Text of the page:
Rember The Orphan At Your Gates


help Learn to do good. Devote yourselves to justice; Aid the wronged. Uphold the rights of the orphan; Isaiah 1:17

Even now, I remind myself of this quote from the Tanach.

All my life, I have been propelled by my Jewish values and teachings.

I have been an active member of several synagogues, from childhood to adulthood.

I’ve been to Israel four times.

I have taught Jewish kids from preschool to high school.

Together with my husband (with whose support, none of this year would have happened), we have raised three children seeped in a loving Jewish home.

But 2018, the year a non-Jewish kid found his way to our family, was the year I felt I lived most closely to living the mitzvot of the Torah.

Hospitality.

Saving a Life.

Fighting for Justice.

Remembering the orphan, the stranger at your gates.

All five of us, starting with my youngest son, we all had our part in helping and guiding this young man as he made the big leap from high school to college.

But this is not his story.

I will not go into the details of his abuse and neglect, I myself don’t even know the extent of it.

That is his to tell, when and if he ever chooses to tell it.

This is the story of how, for a brief period of time, his life intersected with the lives of my family and the extended community, most of the big players from the Jewish community that rushed to support him.

Though he and I do not agree on everything at the moment, and it is hard to say if this is the end of our story or not, what we do agree on is that this is a story that should be told.

So, if you happen to be that kid who feels in danger at home, or who has been rejected or disowned or abused by a parent because of your gender or sexual identity, maybe the story I will unfold here in this post and subsequent posts will give you some hope.

That it does get better.

That there is a way out, onward and upward to college and a better life.

That, though you may feel you live in isolation now, there are people who care and will advocate and fight for you,

will house you and provide love and nourishment for you, and will guide you to the best of their abilities as long as you want it.

Even if your own family will not.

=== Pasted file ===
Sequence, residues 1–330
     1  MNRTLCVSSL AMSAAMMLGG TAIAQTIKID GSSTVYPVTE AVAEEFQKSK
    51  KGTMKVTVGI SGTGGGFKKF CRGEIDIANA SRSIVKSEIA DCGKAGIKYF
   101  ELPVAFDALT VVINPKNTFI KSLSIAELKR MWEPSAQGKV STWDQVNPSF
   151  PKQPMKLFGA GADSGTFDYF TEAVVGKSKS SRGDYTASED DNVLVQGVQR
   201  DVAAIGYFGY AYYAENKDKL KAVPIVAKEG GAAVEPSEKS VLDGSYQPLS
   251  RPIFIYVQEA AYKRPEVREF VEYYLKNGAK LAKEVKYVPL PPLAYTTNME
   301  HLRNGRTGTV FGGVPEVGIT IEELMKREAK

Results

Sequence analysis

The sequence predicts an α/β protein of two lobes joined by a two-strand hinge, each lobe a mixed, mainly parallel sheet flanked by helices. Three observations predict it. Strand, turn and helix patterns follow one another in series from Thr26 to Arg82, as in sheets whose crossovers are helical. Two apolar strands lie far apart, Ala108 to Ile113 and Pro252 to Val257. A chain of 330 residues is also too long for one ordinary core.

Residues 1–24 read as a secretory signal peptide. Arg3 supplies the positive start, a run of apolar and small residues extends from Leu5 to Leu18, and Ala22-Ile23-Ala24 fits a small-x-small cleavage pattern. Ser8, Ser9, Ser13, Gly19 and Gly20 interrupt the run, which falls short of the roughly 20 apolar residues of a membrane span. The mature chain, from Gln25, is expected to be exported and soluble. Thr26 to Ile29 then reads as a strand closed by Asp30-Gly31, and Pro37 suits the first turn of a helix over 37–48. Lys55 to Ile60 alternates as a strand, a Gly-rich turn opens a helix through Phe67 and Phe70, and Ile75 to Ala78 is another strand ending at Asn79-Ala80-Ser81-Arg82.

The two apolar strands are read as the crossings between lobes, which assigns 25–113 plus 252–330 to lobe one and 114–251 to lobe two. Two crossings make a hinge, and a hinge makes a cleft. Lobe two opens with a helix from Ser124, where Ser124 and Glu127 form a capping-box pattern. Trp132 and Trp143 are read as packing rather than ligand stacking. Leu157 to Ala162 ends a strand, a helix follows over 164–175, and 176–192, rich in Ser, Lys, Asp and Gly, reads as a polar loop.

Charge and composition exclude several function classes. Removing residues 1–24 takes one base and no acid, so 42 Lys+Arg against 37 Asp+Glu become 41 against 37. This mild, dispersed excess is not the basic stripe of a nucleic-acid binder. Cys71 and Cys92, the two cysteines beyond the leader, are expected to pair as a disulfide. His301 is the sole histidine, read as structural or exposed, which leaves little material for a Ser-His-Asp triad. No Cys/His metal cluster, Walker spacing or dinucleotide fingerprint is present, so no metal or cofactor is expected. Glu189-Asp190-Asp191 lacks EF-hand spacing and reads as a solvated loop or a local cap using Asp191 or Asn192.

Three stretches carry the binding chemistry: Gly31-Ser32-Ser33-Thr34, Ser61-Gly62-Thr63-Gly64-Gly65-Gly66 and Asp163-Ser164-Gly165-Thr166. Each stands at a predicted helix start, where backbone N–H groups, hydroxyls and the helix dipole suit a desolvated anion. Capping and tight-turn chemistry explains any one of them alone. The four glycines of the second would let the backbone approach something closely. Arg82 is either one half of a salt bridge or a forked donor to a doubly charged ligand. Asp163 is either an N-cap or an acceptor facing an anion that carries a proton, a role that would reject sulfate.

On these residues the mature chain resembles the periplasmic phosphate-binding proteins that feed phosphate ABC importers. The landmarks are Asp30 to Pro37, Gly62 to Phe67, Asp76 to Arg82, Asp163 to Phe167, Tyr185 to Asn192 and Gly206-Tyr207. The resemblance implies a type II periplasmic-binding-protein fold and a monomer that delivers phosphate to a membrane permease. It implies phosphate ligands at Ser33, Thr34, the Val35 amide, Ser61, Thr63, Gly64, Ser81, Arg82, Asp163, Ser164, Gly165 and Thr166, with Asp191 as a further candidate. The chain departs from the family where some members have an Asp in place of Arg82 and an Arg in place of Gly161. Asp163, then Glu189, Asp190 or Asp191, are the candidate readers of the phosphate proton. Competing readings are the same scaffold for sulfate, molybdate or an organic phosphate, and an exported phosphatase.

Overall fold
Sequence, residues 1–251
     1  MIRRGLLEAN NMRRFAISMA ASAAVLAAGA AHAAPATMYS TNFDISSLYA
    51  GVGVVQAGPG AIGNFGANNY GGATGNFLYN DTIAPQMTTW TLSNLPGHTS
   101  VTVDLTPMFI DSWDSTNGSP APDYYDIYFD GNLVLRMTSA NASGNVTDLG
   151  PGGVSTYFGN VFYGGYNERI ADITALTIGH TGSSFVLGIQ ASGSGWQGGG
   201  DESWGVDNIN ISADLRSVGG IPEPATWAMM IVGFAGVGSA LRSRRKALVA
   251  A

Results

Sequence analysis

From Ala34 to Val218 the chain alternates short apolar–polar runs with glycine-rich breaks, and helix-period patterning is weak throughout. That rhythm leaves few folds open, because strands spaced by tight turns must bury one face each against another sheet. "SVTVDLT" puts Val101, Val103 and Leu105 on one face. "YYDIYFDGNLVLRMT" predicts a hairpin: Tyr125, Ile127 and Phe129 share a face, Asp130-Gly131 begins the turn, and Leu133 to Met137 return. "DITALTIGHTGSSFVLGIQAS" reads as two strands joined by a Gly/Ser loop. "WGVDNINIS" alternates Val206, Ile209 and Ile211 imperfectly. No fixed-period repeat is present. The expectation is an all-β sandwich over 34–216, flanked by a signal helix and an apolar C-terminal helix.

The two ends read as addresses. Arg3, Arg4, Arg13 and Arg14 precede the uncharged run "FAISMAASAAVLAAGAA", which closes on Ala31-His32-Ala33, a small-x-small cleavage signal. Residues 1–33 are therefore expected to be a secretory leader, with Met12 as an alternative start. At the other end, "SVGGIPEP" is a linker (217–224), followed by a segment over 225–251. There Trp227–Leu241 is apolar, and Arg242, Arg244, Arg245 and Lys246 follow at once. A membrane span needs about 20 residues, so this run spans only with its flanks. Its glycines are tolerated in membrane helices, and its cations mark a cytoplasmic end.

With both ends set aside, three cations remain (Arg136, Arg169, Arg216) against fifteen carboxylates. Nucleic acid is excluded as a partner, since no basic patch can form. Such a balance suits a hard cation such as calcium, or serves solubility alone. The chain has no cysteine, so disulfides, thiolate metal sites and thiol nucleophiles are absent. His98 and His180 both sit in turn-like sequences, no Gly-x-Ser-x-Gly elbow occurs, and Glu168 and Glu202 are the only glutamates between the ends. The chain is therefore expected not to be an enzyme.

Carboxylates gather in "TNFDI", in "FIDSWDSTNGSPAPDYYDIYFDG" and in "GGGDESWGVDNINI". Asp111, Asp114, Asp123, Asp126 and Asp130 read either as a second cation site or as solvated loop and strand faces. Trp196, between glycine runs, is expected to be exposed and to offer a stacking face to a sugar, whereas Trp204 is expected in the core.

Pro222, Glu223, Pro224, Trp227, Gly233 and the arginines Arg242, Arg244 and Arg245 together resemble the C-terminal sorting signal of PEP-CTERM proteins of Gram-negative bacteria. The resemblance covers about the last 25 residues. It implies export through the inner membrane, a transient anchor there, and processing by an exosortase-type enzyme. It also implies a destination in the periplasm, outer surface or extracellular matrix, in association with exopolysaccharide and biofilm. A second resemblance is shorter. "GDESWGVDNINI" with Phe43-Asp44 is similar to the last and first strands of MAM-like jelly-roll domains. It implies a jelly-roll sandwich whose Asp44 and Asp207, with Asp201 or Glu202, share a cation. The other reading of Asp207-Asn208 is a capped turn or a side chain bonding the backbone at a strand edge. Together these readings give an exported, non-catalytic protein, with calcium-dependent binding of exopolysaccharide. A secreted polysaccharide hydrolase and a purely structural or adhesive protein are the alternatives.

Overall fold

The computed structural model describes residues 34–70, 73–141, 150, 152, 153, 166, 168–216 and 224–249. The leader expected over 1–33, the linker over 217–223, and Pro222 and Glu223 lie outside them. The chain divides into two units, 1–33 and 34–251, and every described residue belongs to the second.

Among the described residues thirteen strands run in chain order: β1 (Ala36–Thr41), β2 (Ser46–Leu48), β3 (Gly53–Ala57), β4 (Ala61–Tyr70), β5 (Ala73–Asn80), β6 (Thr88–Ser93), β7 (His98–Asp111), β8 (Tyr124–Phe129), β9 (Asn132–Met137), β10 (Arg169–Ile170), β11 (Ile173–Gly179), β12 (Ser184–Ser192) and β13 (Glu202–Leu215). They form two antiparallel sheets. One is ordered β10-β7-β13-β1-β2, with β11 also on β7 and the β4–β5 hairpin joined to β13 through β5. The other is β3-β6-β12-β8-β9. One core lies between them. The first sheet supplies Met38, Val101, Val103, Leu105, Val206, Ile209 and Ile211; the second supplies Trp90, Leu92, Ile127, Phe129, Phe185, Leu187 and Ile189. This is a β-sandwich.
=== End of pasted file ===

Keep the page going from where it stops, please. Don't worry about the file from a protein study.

And if you are a teacher, school administrator, a youth advisor, clergy and you suspect abuse or neglect, you are mandated to report. You are mandated to advocate for that child and not turn them back to the hands of their alleged abuser. You are mandated to report upon penalty of fines and even imprisonment.

That if a kid walks into a counseling office and says, I think I’m in danger of becoming homeless because my father is going to kick me out when I turn 18, you don’t just say to him, okay, here is some paperwork to fill out.

This is a tale that demonstrates that parental abuse and neglect are not exclusive to socioeconomic boundaries.

That there are kids who are living scared and neglected even in the most leafy of suburbs.

For nine, nearly 10 months, I tried.

This is not his story.

This is my story of how I tried.

 

 

About stacylynngittleman

I have been a public relations professional and reporter -- and always thought I would live in the New York Metro area - before my husband took a job in Rochester, New York. Most in Metro New York can't find Rochester on a map,and neither could I before we moved. I am now a columnist and a freelance writer for Rochester's only daily newspaper, the Democrat & Chronicle. I also am passionate about gardening, fitness and most of all, Jewish education and Israel Advocacy. Here's my perspective on Western New York living - the good, the bad, and the snowy.

3 responses to “Rember The Orphan At Your Gates”

  1. rozgkeith says :

    Stacy,

    I feel you. I understand. I thank you for what you’ve done and for your message. It is so important to welcome the stranger and to care for those who are isolated and alone.

    Roz

    Sent from my iPhone Roz Keith 248-739-9254

    >

    Like

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